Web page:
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Saturday, January 14, 2012

Early Italian Warrior on a Campanian Bell-Krater

A DESCRIPTION OF EARLY ITALIAN WARRIOR IMAGE ON A CAMPANIAN BELL-KRATER IN THE NICOLAS MUSEUM UNIVERSITY OF SYDNEY by the Libation Painter, representing Achilles and Troilos

by Thoran Braune


The Nicholson Museum (University of Sydney) Italian Campanian Bell-Krater is a very fine example of its type and well worth a look if you are in the area on a weekday. It is this type of imagery on vases and tomb wall paintings, that artists for books such as Osprey ‘Early Roman Armies’ use to give wargamers and figure painters an idea of what to do, in terms of painting our little men.

The Campanian Bell-Krater (46.01, Nicholson Museum, University of Sydney) is in red figure on black style. Interior and exterior painted black over red wash.

Measurements

Height - 42.2cm.

Height of Base - 4cm.

Base Stem width - 8cm.

Diameter with Rim - 41.5cm.

Diameter of Rim - 15.5cm

Diameter of Bowl - 26cm, tapering to 8cm.

Diameter of Base - 16.9cm.

Left Handle across - 12cm.

Left Handle Height - 8cm.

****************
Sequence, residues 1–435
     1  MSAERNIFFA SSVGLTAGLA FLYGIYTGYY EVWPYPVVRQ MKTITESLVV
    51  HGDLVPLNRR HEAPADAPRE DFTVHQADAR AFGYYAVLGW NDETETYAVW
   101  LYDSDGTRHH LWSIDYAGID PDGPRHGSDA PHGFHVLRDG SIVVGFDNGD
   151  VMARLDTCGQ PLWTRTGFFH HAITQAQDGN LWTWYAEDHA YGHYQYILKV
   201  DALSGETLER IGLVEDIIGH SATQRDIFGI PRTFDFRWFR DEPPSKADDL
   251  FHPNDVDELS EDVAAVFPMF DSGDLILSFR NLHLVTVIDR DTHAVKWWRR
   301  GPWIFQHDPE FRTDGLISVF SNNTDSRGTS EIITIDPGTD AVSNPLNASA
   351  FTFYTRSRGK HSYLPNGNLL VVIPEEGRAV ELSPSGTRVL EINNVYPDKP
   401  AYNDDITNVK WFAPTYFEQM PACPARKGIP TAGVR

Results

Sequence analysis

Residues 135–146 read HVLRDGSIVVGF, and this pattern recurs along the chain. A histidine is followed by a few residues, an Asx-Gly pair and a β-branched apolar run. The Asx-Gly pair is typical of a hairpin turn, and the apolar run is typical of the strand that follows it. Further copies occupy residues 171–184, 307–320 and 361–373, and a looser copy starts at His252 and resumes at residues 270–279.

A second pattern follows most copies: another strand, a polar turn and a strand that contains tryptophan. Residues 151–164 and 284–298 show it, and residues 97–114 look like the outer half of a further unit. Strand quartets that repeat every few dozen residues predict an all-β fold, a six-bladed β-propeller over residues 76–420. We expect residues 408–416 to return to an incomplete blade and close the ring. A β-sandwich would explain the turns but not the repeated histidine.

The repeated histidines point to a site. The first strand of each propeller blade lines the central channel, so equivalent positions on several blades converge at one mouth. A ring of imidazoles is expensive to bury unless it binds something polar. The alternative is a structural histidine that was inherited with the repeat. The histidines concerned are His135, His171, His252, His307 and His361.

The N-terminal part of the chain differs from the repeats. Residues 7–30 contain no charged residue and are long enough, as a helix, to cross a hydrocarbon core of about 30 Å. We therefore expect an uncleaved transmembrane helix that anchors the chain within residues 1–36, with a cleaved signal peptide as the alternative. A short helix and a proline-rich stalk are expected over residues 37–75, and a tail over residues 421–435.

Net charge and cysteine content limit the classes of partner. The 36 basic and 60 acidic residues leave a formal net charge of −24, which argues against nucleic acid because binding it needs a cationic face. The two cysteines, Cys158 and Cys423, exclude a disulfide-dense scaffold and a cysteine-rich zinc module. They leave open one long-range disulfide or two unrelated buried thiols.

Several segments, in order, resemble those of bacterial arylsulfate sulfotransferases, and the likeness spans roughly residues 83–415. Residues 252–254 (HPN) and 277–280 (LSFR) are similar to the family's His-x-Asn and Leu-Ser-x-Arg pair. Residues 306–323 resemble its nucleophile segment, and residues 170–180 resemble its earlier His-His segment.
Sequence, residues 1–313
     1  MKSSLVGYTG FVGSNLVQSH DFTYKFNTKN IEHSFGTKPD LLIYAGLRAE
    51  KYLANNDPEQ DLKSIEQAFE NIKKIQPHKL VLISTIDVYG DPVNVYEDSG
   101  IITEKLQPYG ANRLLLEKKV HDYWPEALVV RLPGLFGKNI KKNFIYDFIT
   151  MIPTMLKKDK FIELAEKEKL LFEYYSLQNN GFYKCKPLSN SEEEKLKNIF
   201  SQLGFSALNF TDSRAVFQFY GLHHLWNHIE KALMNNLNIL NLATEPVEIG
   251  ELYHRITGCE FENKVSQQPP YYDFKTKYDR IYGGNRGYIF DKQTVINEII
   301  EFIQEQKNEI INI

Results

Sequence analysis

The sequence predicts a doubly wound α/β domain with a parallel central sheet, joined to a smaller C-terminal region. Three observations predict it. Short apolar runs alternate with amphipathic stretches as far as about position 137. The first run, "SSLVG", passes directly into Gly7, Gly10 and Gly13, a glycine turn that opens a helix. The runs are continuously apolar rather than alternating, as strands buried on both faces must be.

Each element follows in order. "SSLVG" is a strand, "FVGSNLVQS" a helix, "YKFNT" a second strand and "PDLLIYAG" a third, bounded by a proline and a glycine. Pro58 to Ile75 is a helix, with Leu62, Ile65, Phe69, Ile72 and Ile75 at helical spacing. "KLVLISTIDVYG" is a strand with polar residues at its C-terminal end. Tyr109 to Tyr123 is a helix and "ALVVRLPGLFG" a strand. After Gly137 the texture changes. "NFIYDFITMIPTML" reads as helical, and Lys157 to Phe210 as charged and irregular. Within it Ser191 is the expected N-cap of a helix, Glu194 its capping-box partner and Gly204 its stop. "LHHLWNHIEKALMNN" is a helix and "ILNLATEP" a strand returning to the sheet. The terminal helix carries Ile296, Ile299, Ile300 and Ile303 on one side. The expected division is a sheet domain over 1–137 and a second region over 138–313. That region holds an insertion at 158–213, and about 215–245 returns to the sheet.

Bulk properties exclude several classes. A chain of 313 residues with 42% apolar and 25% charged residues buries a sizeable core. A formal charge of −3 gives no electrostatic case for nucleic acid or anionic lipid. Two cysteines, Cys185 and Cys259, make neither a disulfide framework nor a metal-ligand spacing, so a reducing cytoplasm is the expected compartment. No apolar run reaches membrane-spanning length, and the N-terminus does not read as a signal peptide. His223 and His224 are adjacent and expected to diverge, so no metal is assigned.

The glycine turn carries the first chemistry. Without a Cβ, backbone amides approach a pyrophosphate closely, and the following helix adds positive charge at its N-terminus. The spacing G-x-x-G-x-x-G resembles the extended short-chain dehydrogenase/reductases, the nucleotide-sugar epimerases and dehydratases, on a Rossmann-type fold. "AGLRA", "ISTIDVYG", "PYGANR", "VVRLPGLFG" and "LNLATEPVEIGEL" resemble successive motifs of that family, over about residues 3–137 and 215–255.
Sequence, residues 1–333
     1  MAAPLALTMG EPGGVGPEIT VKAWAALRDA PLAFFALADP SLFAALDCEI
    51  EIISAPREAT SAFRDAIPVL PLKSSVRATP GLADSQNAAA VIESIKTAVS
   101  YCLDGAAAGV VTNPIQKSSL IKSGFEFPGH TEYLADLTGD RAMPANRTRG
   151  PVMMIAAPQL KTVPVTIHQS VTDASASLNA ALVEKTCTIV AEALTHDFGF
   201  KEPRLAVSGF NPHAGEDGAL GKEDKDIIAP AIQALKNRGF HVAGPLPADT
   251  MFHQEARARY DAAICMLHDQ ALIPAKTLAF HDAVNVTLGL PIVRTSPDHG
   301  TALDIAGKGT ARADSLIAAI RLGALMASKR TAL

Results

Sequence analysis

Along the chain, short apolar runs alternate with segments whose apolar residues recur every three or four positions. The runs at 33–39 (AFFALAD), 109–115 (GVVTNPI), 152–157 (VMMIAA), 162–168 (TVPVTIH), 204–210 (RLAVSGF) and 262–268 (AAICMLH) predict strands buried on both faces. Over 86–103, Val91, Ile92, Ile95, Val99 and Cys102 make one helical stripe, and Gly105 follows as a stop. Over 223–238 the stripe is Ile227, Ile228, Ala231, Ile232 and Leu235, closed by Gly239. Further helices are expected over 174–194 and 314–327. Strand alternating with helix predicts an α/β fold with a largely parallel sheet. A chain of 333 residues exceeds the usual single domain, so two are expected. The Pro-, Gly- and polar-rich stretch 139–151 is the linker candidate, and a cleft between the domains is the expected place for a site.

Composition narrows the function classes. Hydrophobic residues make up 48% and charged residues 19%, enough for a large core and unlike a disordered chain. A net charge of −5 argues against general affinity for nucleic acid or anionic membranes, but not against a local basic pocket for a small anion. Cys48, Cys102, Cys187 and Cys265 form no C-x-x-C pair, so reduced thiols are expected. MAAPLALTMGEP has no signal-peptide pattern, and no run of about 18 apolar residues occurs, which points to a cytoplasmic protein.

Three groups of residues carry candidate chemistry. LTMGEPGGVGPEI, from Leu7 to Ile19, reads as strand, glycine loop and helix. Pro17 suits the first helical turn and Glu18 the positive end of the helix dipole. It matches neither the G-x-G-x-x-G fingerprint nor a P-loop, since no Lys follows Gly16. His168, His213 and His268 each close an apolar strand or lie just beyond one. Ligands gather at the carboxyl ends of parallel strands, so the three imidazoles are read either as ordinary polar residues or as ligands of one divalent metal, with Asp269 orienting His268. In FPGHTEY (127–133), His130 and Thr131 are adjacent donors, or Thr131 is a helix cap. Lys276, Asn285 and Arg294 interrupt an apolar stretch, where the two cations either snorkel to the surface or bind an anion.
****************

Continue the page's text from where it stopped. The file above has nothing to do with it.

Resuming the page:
Left Handle out from krater wall - 4.7cm.

Right Handle across - 11.5cm.

Right Handle Height - 8cm.

Right Handle out from krater Wall - 5cm

Obverse Panel - Viewed from left to right.

Two women and a warrior, the middle woman has only face towards the warrior, this may mean she did not expect him.

Woman standing (18cm) facing seated woman and warrior, holding plate/bowel in left hand, grapes in right hand. Bracelets (painted white) on both arms. Hair tied back and up and covered with white cloth. Necklace (painted white dots). The feet are white (could be to represent shoes as the flesh is not white).

Next in the middle is the seated woman (16cm). She sits on four stacked rocks (painted yellow and white). Bracelets (painted white) on her arms. Left hand palm down on rocks. Right hand held up holding a leaf object. Feet painted white. Head turned towards the warrior behind her. Hair tied and covered similar to first woman.